“I am sorry, but this is all I can offer,” he apologized, as he hung a lantern on a hook secured in the center beam. “I will send out my wife with some hot water and clean cloths.”
Master Joseph reached for the man’s shoulder as he was turning to leave.
“Thank you, brother,” he said. The inn keeper ducked his head, looking embarrassed, and left.
After Master Joseph assisted his lady down from Samuel’s back, he immediately started clearing a place for her to rest. He moved the animals from one of the stalls and carried in fresh straw from outside, then covered it with his coarse camel-hair mats and finally some soft woolen blankets. He eased his lady onto the bed and knelt down next to her, speaking to her in soft, comforting tones.
Samuel felt it was time to give them some privacy. The other animals would poke their heads over the half-walls, curious about their visitors, and murmuring over the strangeness of sharing their quarters with a master and lady. Samuel shared with them their story, telling them of how far they had travelled, and how difficult the journey had been.
“Poor lady,” brayed an older ewe. “We will keep watch over her. No harm will come to her here.”
His lady let out another cry, a sound which was so soft and sad that it broke Samuel’s heart to hear it. He couldn’t bear to listen more. He noticed that the door to the stable was left ajar, so he nudged it open with his nose, and stepped out into the moonlight, away from the heart breaking cries of his lady.
Beyond the stables were the silvery fields of pasture land. Looking up into the inky black sky, Samuel saw the moon shining down on him, clear and white. It seemed to be whispering something to his heart, for he felt urged to enter the pasture, shimmering in its light. Despite his weary legs, Samuel followed the moonlight’s course into the field, where all he could hear was the rhythmic chirruping of insects and the occasional bray of a sheep, calling for his companions. The breeze was cool, and it chilled him a little as it whipped through the trees at the edge of the field, causing the leaves to quaver on their branches, creating sparkling waves of green and gray.
All of a sudden there was a brilliant burst of light in the sky, blinding Samuel momentarily with its bluish glow. He blinked a few times, trying to clear his eyes. When he looked up again he saw that something was different. Where there had once been an inky blackness before, there was now a new star shining instead. It looked like a shimmering gem nestled in a velvety sea, surrounded by other, less brilliant gems. This one was different. This star radiated a brilliance and fire that was different than any star Samuel had ever seen before.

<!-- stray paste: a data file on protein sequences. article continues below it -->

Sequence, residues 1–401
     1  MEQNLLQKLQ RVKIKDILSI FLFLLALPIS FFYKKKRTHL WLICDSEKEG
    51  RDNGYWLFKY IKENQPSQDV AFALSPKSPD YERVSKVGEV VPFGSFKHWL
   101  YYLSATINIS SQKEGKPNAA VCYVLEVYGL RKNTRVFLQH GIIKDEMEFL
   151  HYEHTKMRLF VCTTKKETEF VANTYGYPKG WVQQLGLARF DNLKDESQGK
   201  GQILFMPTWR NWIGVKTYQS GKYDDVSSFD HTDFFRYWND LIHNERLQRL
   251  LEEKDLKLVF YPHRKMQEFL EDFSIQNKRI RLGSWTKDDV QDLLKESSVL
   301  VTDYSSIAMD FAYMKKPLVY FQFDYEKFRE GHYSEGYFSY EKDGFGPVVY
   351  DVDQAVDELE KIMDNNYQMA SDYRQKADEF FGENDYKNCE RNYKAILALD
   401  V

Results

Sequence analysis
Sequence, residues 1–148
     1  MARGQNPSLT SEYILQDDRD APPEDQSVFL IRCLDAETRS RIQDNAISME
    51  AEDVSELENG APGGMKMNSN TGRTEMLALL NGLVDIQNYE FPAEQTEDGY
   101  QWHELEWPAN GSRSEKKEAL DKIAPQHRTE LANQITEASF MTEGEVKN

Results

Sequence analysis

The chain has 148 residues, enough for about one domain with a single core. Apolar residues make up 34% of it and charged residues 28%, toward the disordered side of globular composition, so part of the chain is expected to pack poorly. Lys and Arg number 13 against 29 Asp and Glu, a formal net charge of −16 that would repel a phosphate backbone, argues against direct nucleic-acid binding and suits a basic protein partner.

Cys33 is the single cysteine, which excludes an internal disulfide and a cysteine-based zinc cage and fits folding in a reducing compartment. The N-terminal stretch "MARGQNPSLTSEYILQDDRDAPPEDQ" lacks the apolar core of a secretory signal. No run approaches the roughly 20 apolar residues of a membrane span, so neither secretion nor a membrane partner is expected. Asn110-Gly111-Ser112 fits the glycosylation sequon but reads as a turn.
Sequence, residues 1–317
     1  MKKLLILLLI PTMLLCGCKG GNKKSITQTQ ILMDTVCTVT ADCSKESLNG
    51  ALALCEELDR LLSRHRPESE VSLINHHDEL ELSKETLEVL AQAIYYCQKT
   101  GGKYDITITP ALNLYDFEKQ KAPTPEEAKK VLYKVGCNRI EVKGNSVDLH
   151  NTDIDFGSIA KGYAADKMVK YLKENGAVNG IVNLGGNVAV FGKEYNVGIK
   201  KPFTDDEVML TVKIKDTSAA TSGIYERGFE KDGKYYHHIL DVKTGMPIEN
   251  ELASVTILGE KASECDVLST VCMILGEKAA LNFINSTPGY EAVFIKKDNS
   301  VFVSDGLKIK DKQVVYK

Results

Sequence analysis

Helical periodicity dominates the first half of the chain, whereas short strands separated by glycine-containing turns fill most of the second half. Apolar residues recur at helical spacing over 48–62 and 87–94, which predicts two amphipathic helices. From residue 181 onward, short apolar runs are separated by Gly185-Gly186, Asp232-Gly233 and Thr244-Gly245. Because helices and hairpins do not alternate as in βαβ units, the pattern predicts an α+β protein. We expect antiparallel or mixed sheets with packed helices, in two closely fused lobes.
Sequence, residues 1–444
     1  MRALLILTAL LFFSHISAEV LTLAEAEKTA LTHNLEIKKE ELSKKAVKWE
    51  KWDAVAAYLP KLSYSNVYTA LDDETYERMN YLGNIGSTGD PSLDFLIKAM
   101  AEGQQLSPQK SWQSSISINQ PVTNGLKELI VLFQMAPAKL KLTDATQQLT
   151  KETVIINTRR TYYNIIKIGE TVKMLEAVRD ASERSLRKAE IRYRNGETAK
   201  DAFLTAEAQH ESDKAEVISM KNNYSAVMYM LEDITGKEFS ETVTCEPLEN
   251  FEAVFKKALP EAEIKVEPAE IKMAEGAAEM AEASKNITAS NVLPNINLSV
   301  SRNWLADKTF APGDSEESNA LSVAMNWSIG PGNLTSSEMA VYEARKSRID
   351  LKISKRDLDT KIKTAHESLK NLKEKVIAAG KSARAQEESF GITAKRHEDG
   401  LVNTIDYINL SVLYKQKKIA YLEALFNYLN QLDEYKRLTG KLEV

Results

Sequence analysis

Samuel heard some excited murmuring coming from over where a flock of sheep were grazing. Shepherds watching over their flock had seen the burst of light, and were exclaiming loudly over the new star, pointing toward the heavens.
Suddenly there was another burst of light, this time close to the field where they were standing. The figure of a man stood suspended in the light, and he approached the shepherds, who were trembling in fear.
“Fear not,” the man said, for he spoke just as any other man would speak. “For behold, I bring you good tidings of great joy. For unto you is born this day, in the city of David, a Savior, which is Christ the Lord.”
The shepherds looked to one another, with wonder on their faces, unable to speak.
“And this shall be a sign unto you. Ye shall find the babe wrapped in swaddling clothes, lying in a manger.”
The light surrounding the messenger began to expand, starting as a pulsing glow, then growing in size and brightness until finally the entire heavens were white, and Samuel could see the forms of a multitude of angels singing praises to God. Their voices rang out in one glorious voice together.
“Glory to God in the highest, and on earth, peace, goodwill toward men!” Glory to God in the highest, and on earth peace, good
A sudden warmth rushed through Samuel, making his knees shake and his lip quiver. He was no longer cold, as he stood there listening to the joyous praises. It reminded him of how he felt when he heard his lady sing, rubbing her belly and smiling to herself. Suddenly he realized who she had been singing to.
As quickly as he could, Samuel turned back to the stable. The door was still open, but now all was quiet from within. Samuel poked his head into the room, almost afraid of what he would see. Would everything be alright with his master and lady?
Under the warm yellow glow of the single lantern was a sight that Samuel would never forget. His master was kneeling next to his lady, who was sitting amongst the animals and hay. In her arms, wrapped in a creamy white cloth and held close to her heart, was a tiny baby.
But this was no ordinary baby. The messenger in the field had told the shepherds of a Savior born this day, and then an entire host of heaven had born record of the miraculous birth. Master Joseph had told Samuel that his lady would bring with her the Master of all. Now Samuel realized that this child would be the greatest of masters.
His lady held the infant close to her, and started singing softly, kissing the child and caressing his cheek. That same warmth filled Samuel again, and this time he could feel the tingle all the way to his bones. As the other animals reverently peered into the stall, trying to catch a glimpse of the infant King, Samuel knew that this was no longer just a crowded stable. This stable was a sacred place, because it was here that the Son of God was brought into the world. A dove in the rafter made a gentle cooing sound, bobbing her head several times toward the scene below, and Samuel bowed himself down onto his knees, ready to worship his new Master.